Volume 9, Issue 2, Fall 2012
John Henry Newman and Empiricism
John Henry Newman (1801–1890) was deeply influenced by the British empiricist school of the eighteenth century, particularly by the philosophy of David Hume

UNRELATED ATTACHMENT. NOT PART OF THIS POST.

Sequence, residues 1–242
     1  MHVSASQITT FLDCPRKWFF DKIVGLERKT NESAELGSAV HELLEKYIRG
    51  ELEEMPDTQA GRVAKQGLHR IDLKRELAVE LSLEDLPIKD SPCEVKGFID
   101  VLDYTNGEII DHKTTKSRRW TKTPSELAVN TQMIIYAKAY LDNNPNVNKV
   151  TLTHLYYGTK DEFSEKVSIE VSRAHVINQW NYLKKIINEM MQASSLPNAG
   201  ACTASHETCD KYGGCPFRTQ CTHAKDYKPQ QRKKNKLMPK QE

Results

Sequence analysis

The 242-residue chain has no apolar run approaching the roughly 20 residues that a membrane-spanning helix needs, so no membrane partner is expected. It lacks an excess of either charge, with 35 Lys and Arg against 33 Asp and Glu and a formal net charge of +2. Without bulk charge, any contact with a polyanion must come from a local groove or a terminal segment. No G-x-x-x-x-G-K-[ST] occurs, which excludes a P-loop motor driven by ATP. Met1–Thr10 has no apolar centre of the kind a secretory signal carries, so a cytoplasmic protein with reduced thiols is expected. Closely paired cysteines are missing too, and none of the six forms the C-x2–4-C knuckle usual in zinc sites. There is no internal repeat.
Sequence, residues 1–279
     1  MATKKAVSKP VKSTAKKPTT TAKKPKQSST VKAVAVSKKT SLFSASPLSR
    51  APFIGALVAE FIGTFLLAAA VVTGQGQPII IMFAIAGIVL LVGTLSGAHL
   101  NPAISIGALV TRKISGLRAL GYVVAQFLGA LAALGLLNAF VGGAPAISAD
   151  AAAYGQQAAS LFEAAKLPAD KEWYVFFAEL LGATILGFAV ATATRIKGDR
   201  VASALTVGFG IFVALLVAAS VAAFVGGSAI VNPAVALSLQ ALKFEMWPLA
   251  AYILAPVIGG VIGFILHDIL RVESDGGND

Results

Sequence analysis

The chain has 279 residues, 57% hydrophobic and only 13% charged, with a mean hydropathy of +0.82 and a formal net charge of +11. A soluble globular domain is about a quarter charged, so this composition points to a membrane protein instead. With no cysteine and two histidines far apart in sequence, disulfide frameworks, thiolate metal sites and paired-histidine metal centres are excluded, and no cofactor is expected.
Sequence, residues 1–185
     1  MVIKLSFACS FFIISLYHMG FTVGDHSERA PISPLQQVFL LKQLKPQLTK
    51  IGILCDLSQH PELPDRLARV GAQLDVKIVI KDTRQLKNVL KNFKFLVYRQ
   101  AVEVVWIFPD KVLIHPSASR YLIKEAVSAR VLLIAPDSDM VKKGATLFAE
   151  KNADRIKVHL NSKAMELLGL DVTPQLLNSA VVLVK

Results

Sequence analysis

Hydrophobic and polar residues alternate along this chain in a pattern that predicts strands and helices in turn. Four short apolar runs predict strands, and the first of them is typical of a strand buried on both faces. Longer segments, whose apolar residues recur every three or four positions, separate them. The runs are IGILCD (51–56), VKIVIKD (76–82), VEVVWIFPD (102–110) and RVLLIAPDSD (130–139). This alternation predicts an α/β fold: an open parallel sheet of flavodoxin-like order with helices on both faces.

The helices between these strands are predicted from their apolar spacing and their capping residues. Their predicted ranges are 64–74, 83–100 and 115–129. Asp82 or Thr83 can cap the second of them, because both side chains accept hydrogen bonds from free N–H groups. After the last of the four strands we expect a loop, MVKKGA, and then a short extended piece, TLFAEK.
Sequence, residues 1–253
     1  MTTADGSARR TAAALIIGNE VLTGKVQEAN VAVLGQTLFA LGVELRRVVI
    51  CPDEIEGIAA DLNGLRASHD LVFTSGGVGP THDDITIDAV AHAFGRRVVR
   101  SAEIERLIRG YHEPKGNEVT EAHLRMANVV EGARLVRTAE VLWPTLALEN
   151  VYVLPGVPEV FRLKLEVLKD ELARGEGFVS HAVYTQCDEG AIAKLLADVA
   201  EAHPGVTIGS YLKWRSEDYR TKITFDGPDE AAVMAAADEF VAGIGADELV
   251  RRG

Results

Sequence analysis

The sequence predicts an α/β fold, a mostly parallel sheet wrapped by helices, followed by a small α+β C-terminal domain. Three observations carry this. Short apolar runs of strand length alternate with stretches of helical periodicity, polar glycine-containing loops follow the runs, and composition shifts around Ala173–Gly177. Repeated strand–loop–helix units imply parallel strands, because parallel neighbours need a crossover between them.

(1711–1776). Though frequently disputing Hume’s conclusions, Newman nevertheless worked to develop a theistic form of empiricism that integrated the developing scientific worldview with traditional Christian philosophy. In light of recently renewed interest in Hume, this essay first explores Newman’s empiricist leanings and then proposes that his distinctive philosophy can contribute to modern discussions about the relationship of science and religion.